Preaching, shame and connectedness

I’m a fan of Ted.com partly for the content, partly to learn from effective public speakers.  I just watched a talk by Brene Brown and thought it had a great deal to offer preachers in that she dealt with a fundament  human need – deep, authentic connection.

What makes us feel connected?  What stops us from connecting with others?

Brene taught that people avoid authentic connection because they feel shame.  Shame is simply the belief that we’re not worthy of authentic connection.  Shame says, “There something about me that if other people know it or see it, they won’t want to connect with me.”

So to protect ourselves from this shame, we hide and blame.  (ok, Dr Brown didn’t teach that, I’m grabbing that from Genesis 3.)

Dr Brown taught that the antidote to shame is excruciating vulnerability.  In order for connection to happen, we have to allow ourselves to be really seen.  Deeply connected people have the courage to be flawed and to show their flaws without pretense or spin.

As I watched her talk, I kept thinking about a preacher’s relationship with a congregation.  A generation ago a preacher gained permission to teach and lead from their calling or from their ability to preach well.  Authority was conferred on the preacher by duty or by role.  Today, people give permission/allocate authority to a preacher based on perceived connectedness and authenticity.  Right or wrong, today’s congregations are suspicious of authority and even more suspicious of “thus sayeth the Lord.”  They look for someone who they can relate to, someone who is vulnerable and unpretentious.  If Dr Brown’s thesis is correct, and I think it is 80% there, then a preacher’s ability to know, name and walk into his or her shame and fear is directly related to effectiveness.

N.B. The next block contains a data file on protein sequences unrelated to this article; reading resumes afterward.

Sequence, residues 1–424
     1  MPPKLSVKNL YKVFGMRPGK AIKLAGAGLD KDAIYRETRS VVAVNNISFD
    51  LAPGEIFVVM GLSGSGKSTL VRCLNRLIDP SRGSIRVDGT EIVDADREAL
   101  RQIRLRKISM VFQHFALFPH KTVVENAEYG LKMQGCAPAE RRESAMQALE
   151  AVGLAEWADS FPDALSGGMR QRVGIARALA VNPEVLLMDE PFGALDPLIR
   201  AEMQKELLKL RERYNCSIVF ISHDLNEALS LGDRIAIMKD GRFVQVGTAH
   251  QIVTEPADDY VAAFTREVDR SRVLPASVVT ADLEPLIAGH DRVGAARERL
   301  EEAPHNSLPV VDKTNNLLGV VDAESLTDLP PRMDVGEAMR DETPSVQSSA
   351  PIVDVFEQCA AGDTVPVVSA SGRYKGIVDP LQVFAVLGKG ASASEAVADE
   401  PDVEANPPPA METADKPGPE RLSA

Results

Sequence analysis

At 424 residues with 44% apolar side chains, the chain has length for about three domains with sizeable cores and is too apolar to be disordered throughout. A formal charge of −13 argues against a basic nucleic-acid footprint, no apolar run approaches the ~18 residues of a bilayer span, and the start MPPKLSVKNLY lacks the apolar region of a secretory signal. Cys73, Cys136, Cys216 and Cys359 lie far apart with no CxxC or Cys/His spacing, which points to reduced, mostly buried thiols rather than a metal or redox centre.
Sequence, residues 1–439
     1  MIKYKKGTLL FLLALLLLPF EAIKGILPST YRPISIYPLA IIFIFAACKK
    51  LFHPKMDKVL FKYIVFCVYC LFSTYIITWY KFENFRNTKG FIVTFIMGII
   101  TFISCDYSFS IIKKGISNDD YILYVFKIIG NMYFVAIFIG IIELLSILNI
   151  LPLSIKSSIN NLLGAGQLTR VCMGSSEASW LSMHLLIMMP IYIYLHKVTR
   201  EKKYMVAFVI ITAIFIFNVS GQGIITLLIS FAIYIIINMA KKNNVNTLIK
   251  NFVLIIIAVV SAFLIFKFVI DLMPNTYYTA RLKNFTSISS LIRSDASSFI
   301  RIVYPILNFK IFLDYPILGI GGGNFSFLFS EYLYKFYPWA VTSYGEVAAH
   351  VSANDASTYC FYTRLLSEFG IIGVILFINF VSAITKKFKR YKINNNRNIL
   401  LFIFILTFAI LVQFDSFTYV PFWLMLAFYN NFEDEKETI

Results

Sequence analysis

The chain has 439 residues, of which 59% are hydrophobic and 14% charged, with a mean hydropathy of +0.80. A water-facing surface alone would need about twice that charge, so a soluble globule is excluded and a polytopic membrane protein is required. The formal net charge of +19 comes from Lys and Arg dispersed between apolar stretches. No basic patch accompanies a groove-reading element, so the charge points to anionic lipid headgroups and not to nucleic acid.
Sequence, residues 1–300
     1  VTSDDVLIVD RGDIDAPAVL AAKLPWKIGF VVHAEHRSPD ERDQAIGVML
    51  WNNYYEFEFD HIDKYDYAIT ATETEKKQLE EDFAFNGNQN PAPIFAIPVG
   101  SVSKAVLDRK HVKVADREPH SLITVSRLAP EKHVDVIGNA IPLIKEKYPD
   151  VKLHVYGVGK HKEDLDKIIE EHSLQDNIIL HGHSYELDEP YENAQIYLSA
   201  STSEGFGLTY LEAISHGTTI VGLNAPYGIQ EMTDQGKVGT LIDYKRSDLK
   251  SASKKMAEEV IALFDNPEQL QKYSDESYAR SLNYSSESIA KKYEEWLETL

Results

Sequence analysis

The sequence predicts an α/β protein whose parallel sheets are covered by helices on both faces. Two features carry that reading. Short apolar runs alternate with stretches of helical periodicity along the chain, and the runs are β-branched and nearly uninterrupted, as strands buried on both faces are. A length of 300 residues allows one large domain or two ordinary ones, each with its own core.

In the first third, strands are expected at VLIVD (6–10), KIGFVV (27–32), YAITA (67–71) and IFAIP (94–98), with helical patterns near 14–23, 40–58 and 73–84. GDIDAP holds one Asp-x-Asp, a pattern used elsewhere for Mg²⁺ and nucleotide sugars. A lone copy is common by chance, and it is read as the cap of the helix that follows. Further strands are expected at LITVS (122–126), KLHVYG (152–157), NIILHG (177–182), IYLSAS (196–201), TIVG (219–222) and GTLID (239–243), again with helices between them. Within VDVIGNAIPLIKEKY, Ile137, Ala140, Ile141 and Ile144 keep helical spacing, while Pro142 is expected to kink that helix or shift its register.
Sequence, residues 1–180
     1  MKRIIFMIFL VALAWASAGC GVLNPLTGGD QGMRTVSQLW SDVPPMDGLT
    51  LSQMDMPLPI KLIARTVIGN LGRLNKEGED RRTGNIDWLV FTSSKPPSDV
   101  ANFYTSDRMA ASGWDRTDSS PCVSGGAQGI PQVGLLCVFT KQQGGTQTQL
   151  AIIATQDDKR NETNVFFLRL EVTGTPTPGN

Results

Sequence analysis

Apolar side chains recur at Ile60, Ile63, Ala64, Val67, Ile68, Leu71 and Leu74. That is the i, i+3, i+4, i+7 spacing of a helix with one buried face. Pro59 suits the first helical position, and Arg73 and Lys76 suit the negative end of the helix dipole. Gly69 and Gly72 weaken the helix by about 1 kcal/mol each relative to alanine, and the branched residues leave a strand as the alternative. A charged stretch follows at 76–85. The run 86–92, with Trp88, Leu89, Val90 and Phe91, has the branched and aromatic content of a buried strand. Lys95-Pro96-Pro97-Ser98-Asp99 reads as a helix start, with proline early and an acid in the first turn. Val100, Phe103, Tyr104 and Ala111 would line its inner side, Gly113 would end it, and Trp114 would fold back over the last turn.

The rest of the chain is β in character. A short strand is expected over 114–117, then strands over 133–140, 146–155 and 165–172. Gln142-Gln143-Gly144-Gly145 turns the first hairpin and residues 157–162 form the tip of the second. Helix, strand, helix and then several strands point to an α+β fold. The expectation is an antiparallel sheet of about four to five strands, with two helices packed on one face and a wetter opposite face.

80% there?  Well, Dr Brown taught that we are all fundamentally worthy of love and acceptance.  The gospel teaches that NONE of us are worthy of love and acceptance, but we’re loved and accepted anyway.  Its a similar message, but the gospel goes deeper into our fearful hearts by healing our shame with grace that says, “you’re not worthy, but you are loved unconditionally nevertheless.”    To this day, I’ve never heard a better message than grace, but I digress.

And yet I DON’T digress.  Grace is the whole point.  So many times, I look for worthiness outside of grace and I run smack into what Dr Brown is teaching – people’s perception of me, my need to hide etc.  Its insidious, this shame and hiding thing.  And it can particularly be deadly for preachers who aren’t aware of it.

So many people come into your churches fortified in their “safe zone” of shame and hiding.  As preachers, how are we appropriately expressing our vulnerability and brokenness?  How are we showing Christ’s sufficiency in our lives?  How are we first allowing God’s Spirit to apply the message to our lives – that our very identity is fully rooted in grace alone?

Because the truth is, I struggle with that.  If left unchecked, I allow my identity to find solice in something else.  I have to constantly stay in the stream of grace.  Otherwise, we  start down the deadly slope of manipulation that wants to subtly promote the gospel of me instead of the gospel of Christ.

Dr Brown’s presentation approach was exceptional.  Timing, humor, pathos, but most of all, her content was stunning.  If you want to watch the whole thing, click here

 

 

2 thoughts on “Preaching, shame and connectedness

  1. Great post…watched the clip too. Thankful you brought out the ultimate foundation for where connectivity and belonging are rooted…the Gospel of Grace. Loved what she said…agree with it… would have just added a few ‘and…’, but you did this in your post. 🙂 Would love to hear you preach sometime! Blessings on the Cuss family! Kathy Davis 🙂

  2. Thanks Kathy – all these years and we still talk about you guys a lot! An open invitation to come west and join in the adventure 🙂

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